Photo-Video

camera accessories—stop spending and start building!

© 2011 by KV5R — Rev. June 20, 2011 – May 27, 2012.

The words Steadicam and Merlin are registered trademarks of Tiffen,
but are often used generically to refer to these types of camera stabilizers.

In This Section

Shop for Camera Stabilizers here.

DIY Camera Stabilizers

The Tiffen Merlin
The Tiffen Merlin

I was watching some videos that people make with pocket cameras and cell phones—so much shake you can’t tell what you’re looking at! I’d heard of video camera stabilizers like the professionals use, so I looked up “Steadicam” to see if anything was available for pocket cameras. Yes, and the nice ones run $400–$800… Somebody must be building homemade camera stabilizers for non-professionals. I then discovered and watched the many videos on YouTube about homemade camera stabilizers. There are three main types:

  1. the “Merlin” type, which has a U-joint, bearing, and a curved balance leg,
  2. the “sled” type, which uses a vertical shaft with a gimbal assembly around it, and
  3. the “dumbbell” type, which is just water pipe with dumbbell weights on the bottom.
The Tiffen Pilot
The Tiffen Pilot sled

I decided to build one for my Lumix LZ8 pocket camera. It’s a small, ≈$160 camera with some nice features, and it also does video. It weighs 205 grams (0.45 pound), so it will need a very small and light stabilizer. But which one to build? Most of the DIY camera stabilizers on YouTube fall into two categories (IMO): (1) way too complex (too much precision machining and/or expensive parts), and (2) way too simple (poor performance). The dumbbell type isn’t really an isolated stabilizer—it just adds so much mass and moment that it smooths out your arm movements. No thanks, I don’t wanna carry around 10 pounds of steel just to stabilize my ½-pound camera. I like the vertical sled style, because it’s symmetrical and looks easy to design and build—except for that gimbal assembly. The Merlin type may be built from aluminum stock, a toy universal joint, and a small bearing—that’s the one for me! Well, for starters, anyway…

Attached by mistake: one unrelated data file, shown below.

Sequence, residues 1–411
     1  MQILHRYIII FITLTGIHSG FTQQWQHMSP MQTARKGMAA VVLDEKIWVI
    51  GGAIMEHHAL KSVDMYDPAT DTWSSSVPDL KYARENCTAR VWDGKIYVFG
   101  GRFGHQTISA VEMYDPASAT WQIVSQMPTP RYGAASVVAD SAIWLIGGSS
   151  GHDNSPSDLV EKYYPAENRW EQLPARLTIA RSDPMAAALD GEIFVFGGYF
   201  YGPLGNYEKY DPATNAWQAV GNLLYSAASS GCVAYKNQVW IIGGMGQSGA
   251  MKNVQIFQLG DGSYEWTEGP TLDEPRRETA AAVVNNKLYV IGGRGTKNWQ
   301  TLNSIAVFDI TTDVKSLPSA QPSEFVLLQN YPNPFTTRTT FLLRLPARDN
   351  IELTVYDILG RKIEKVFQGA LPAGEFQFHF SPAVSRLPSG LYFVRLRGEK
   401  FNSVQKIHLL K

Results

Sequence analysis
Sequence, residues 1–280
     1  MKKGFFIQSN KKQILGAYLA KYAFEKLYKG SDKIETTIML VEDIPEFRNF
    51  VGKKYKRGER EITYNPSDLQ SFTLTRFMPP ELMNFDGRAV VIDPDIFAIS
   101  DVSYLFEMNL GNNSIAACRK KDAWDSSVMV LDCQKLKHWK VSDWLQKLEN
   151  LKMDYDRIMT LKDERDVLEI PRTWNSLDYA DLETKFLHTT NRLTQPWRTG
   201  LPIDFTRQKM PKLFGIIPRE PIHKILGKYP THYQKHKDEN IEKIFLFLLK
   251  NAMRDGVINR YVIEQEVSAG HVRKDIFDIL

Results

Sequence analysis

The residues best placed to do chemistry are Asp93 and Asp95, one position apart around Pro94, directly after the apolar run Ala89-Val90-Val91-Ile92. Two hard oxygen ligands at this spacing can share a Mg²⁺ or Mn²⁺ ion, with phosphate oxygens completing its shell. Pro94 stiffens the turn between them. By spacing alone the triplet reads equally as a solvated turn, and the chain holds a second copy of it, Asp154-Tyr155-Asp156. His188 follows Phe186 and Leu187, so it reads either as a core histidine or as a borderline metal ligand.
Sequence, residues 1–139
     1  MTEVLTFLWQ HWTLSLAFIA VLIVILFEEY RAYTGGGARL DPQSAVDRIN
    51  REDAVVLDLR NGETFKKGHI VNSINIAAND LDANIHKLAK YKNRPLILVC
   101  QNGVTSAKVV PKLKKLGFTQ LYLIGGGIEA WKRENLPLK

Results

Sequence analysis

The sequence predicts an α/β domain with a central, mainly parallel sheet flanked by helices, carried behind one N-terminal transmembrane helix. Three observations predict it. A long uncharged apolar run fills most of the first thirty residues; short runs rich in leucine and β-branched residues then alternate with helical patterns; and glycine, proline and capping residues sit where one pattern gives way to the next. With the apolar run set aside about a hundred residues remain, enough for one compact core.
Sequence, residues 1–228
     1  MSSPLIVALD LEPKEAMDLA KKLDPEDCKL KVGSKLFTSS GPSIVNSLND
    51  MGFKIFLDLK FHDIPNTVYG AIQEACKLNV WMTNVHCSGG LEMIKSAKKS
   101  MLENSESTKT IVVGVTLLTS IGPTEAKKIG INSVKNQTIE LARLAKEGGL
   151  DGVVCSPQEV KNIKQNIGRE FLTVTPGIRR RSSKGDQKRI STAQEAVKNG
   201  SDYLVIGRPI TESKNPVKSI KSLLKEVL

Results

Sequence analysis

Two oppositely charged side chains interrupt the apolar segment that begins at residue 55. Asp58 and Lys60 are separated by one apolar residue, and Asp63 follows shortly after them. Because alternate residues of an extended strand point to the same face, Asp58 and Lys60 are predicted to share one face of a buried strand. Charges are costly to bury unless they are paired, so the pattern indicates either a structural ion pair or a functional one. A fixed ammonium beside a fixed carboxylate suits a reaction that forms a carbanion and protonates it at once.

I called my first Merlin-type Pocket Camera Stabilizer #1. It worked well, but was just too big. So I cut it down quite a bit, and re-balanced it. I called this one Stabilizer #2. It also works well, but is so light the wind blows it around. I finally got it so small (10 inches high, 6 inches deep) that I reached the limit of hand and arm clearance. It works very well, and is very easy to run, if there no breeze.

Then I decided to get serious and build a small sled-type. That was a whole ’nuther experience… More than a week of trial and error, and it finally works. I call this one Stabilizer #3. It started out 24 inches high, then I later cut it down to 18 inches and added more weight, and it worked much better. As I expected, the gimbal was by far the hardest part to get right—the three axes need to cross exactly in the center or it will lean, and making something with sufficient precision in the home shop requires very careful measurements (a dial or digital caliper, not a measuring tape!) and careful work. I also made a simple body mount that goes around your neck and rests on your chest that supports the rig and your arms. Running the sled-type requires a lot more practice and concentration than the Merlin-type.

Meanwhile, I obtained an Aiptek H5 Extreme camcorder. It’s a nice entry-level camcorder, but has some design flaws and feature omissions that limit its usefulness. Still, it’s a lot more camera than a Flip, at about the same price ($130). See my review of it in the menu.

Also obtained a cross-slide vise for the drill press, just to cut slots. But it’s turning out to be handy for all sorts of non-precision milling and drilling tasks. It is very poor quality and requires a lot of finishing to make it work effectively. See my review of it in the menu, Milling on a Drill Press.

If you are interested in this hobby, I hope my experiences and photos will save you a lot of time and trouble. I am writing these web articles because there are lots of YouTube videos but too few web pages with measurements and details for building camera stabilizers. And even if you don’t wanna build one, you can at least laugh at all my mistakes!

Also in this Section

Audio

I developed a batch file that uses several commend-line a/v utilities for the purpose of post-processing the audio track(s) of videos.

Hardware Reviews

I review the Aiptek H5 Extreme, an entry-level HD camcorder.

I review some inexpensive filters and a wide-angle lens.

Video Camcorder Accessories

How to put filter threads on an unthreaded camera.

How to make reflectors and soft-boxes for your CFL video lights.

How to make mounting brackets and lights for your web-cam.

—KV5R

Leave a Reply

Your email address will not be published. Required fields are marked *